Myth or Fact: Do Airport Security Dogs Actually Sniff for Drugs?
Published on 2/20/22
It's every stoner's worst nightmare: get up at the crack of dawn for a flight to a great vacation, only to find yourself at the airport realizing that you've got a few crumbles of your dankest nugs in your suitcase or carry-on bag. You're already in the security line, and the airport dogs suddenly perk up their ears and come over to your bag, sniffing and whining. In this scenario where the TSA and the police are about to pull open your bag and demand an answer, what do you do?
Dogs are employed as sniffer agents in airports because of their incredible sense of smell. A German Retriever's nose contains about 300 million sensory nodes, compared with "just" six million in a human's nose. That's how a dog can not just smell what's inside a sealed bag, but they can smell many details. The reason why dogs pee on the side of trees is that their urine leaves behind scents and hormones that we humans can't possibly smell, giving off a wealth of information to other dogs like their breed, size, sex, and even what they ate for breakfast that morning. A dog could easily tell you what one strain of weed is just by a whiff of their terpenes, something that only the most experienced stoner could manage. While they can only see colors from yellow to blue on the visible light spectrum, they more than make up for this sense with their potent smell.
There's a reason police choose dogs as sniffers, even though we live in an age when sensors can tell a lot of information about anyone passing through. For starters, dogs are very fast. They can tell when a new smell enters the room, even if it is concealed, while a sensor may take a long while before it determines what a substance is. These dogs are trained to discern the smallest details; while the scent of skunk weed does indeed resemble a skunk and might even fool a human, it's not going to get past a trained dog. Not only can dogs smell edibles, but they can also smell different flavored edibles because the individual ingredients are as different to a dog as two different-colored T-shirts are to a human's vision.
When it comes to what airport dogs sniff for, the good news is that cannabis is very low on the list. What are dogs in airports looking for? Primarily explosives: the K9 units of the TSA and the police are trained to detect the individual smell of bomb components, like nitroglycerin. After all, bombs are a much greater threat than narcotics and can be concealed in ways that bulky narcotics may not be able to. Bomb-sniffing dogs are the ones you'll see at the airport, and they aren't interested in your weed, whether it's ditch weed or top-shelf leaf. They've got more important things to deal with, even if they know you're sneaking some green into the blue.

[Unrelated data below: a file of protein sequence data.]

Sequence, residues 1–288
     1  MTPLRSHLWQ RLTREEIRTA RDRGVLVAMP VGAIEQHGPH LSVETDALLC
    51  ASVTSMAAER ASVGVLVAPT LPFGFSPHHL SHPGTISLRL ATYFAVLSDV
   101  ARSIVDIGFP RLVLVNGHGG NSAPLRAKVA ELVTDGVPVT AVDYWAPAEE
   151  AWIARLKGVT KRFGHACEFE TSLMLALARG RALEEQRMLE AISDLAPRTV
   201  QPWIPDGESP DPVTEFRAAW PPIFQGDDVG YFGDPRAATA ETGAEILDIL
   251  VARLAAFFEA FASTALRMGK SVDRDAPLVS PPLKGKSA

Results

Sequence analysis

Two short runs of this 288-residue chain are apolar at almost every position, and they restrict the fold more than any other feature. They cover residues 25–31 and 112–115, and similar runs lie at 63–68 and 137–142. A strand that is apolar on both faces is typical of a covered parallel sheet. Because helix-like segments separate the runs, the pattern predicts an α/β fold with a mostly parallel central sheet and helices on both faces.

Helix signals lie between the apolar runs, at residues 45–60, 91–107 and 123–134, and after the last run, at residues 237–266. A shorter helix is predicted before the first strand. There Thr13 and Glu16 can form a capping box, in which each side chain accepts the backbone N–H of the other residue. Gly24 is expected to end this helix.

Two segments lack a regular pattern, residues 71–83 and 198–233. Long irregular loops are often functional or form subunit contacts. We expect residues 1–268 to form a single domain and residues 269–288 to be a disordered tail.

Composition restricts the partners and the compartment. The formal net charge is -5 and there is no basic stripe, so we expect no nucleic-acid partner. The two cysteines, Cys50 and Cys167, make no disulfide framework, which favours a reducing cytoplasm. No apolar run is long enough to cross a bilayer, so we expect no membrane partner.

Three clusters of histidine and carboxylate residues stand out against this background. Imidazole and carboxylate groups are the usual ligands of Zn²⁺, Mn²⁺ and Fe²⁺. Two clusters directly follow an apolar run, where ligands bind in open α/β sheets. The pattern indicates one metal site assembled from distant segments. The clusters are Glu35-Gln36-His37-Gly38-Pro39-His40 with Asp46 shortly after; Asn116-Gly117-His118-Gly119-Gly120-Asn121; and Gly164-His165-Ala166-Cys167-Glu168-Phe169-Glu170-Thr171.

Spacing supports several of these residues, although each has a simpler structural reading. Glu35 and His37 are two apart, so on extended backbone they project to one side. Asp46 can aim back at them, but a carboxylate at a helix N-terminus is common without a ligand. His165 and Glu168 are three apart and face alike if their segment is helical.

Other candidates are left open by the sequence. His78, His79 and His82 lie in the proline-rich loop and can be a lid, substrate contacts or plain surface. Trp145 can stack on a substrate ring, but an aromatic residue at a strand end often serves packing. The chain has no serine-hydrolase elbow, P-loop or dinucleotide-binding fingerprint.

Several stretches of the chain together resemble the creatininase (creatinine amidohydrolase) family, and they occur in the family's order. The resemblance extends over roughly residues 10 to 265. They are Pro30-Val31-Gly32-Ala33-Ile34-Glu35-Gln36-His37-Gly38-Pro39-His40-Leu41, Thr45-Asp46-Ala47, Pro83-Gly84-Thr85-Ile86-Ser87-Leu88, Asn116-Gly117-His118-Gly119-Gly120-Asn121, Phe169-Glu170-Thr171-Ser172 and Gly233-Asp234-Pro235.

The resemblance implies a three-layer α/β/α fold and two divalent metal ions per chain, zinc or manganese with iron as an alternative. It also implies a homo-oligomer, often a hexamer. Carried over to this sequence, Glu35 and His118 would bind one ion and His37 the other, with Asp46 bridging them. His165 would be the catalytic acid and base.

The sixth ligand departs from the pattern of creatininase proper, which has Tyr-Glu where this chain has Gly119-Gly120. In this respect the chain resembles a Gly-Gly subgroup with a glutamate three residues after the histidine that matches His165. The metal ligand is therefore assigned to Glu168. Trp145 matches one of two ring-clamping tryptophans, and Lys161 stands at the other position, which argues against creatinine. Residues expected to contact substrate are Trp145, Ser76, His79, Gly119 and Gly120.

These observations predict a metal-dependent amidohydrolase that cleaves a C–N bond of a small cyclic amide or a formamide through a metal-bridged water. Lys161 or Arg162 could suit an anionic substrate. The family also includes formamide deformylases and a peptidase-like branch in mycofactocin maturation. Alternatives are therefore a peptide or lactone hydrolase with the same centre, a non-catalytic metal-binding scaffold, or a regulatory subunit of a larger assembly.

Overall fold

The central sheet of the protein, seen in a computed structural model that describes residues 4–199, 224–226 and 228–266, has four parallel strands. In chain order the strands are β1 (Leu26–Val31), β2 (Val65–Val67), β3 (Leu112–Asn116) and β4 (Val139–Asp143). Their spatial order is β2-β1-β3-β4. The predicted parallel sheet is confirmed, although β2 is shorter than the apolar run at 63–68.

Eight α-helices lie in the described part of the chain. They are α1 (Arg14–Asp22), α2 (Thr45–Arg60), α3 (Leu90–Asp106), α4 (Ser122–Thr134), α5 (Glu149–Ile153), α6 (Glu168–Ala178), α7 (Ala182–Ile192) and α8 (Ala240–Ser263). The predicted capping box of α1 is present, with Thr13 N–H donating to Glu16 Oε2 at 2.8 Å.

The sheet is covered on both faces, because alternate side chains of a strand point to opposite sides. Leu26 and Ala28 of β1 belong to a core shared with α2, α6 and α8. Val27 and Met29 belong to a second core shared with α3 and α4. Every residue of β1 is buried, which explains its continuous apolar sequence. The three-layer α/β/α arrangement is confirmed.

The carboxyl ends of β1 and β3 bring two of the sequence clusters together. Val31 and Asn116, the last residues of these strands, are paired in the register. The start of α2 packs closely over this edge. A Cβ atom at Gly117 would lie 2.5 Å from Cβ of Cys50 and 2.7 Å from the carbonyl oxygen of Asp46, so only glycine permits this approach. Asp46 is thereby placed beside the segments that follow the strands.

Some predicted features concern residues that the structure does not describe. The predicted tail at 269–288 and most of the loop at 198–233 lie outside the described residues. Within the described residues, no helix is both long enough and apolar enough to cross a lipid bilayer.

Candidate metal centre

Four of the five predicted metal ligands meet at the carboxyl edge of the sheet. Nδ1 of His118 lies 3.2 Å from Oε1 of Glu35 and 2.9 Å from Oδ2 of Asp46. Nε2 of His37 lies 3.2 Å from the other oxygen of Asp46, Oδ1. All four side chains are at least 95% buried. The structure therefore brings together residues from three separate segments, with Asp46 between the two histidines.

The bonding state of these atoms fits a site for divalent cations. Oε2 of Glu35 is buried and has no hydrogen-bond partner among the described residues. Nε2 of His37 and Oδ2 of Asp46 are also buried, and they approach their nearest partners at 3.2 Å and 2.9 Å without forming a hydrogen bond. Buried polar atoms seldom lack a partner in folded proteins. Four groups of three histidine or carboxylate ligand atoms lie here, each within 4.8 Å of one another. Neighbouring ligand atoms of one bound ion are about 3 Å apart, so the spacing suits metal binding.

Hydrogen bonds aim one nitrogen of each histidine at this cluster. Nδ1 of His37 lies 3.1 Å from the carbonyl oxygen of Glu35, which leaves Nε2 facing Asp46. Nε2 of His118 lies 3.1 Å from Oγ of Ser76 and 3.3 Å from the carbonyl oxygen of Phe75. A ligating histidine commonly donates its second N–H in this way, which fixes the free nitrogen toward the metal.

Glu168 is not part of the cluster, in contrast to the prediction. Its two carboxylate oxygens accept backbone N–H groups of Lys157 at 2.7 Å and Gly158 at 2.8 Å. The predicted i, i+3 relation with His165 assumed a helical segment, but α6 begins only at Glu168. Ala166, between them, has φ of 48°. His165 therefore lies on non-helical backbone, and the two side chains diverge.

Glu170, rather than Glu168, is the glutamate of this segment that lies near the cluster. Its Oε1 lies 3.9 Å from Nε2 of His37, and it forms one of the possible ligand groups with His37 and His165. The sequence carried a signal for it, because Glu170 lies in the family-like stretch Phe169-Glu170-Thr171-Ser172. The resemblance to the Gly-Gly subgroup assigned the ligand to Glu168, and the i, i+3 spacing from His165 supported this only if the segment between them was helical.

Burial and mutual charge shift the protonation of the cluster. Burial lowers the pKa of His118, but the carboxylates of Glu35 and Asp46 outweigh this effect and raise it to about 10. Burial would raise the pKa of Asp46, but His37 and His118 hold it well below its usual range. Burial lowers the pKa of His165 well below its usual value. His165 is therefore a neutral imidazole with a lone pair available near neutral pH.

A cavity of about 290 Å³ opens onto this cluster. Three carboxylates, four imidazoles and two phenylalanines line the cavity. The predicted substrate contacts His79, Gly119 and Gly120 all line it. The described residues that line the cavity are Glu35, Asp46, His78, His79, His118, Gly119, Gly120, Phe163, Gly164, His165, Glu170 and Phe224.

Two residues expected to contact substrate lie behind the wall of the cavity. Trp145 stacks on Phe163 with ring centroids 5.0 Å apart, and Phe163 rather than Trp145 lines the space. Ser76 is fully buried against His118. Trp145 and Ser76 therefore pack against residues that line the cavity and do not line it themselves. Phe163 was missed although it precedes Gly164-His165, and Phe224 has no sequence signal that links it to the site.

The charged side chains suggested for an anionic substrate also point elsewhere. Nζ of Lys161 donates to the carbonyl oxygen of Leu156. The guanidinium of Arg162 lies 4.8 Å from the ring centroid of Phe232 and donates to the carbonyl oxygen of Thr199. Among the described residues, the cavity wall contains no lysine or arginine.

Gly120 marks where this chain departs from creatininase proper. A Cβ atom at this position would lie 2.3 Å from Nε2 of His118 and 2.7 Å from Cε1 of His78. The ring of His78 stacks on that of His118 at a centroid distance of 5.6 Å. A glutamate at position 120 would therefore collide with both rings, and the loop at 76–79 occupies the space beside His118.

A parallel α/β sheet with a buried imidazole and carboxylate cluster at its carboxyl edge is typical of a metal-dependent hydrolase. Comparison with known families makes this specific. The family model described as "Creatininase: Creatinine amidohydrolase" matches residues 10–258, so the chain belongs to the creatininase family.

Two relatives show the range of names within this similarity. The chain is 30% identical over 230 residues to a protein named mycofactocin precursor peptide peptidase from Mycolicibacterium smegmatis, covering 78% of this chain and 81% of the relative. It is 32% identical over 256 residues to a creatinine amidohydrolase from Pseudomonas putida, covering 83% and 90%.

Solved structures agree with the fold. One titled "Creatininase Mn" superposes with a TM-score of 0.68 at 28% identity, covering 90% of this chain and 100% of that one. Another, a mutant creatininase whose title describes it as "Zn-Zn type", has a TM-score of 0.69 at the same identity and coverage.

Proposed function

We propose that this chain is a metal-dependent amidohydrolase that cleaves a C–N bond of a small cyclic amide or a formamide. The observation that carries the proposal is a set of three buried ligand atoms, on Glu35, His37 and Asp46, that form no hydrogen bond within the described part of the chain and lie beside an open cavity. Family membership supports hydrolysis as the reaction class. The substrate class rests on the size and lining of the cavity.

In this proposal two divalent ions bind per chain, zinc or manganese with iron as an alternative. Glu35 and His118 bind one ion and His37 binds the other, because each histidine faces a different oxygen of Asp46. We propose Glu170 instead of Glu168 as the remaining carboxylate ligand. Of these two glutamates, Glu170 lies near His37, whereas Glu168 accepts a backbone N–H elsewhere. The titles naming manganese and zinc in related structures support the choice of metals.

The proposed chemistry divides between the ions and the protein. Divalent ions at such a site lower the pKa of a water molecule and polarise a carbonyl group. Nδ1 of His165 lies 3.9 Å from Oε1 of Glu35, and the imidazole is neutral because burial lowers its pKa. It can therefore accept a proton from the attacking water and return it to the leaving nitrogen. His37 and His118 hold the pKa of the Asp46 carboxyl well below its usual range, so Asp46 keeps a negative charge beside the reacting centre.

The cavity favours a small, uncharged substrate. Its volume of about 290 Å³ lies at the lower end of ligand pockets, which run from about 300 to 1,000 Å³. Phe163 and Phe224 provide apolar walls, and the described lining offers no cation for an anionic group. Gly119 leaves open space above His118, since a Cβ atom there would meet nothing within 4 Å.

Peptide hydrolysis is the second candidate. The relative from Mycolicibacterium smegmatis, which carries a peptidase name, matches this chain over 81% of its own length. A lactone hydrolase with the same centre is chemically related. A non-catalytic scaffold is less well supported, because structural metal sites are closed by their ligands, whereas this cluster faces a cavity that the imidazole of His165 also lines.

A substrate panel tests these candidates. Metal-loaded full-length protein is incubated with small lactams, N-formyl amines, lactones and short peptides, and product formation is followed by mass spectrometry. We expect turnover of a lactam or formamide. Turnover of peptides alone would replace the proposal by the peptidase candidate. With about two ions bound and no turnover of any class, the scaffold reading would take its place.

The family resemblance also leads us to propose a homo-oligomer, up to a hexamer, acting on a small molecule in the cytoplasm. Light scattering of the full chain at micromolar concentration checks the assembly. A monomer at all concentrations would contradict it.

However, drug-sniffing dogs do exist at other places, such as concerts, where the owners want to control what goes into the venue. Drug dogs vs bomb dogs is about the equivalent of a pee-wee team against a professional team: bomb dogs receive much more vigorous training, including training to attack a dangerous suspect. By contrast, a drug dog will do nothing more than sniff out a substance and go sit down by it. This alerts their handler, who then is tasked with dealing with the problem. Their sense of smell is perfectly fine: if you wonder if drug dogs smell vape pens, the answer is an easy yes. Not only that, they can tell you how much you have left in your vape pen - if only they could talk.
Drug dogs can sniff out just about any substance: not just marijuana but also cocaine, ecstasy, methamphetamine, heroin, etc. They specialize in this type of detection because smugglers increasingly get creative; perhaps you've heard urban legends of cocaine shipments wrapped in steaks so that handlers think the dogs just want the meat. Drug dogs aren't trained to attack, however, and since their handlers often aren't cops, you can just walk away if a pooch snitches on you.
Pot on a Plane
So what happens if you do bring some pot to the airport? There's a chance you'll get away with it: you can find plenty of anecdotes on the Internet about people who flew with a decent amount of chronic. However, if TSA does find some mary jane, they might bring federal charges against you - which is extremely bad news. In other countries, airports may have drug dogs with the police, and how the police deal with you is subject to their laws. No matter the place or the circumstances, the best solution is to eat, drink, or smoke up all your marijuana before you get to the airport.
Have you ever had an experience where you accidentally left some marijuana in a bag while traveling? What were your emotions like on the trip? Let us know in the comments below!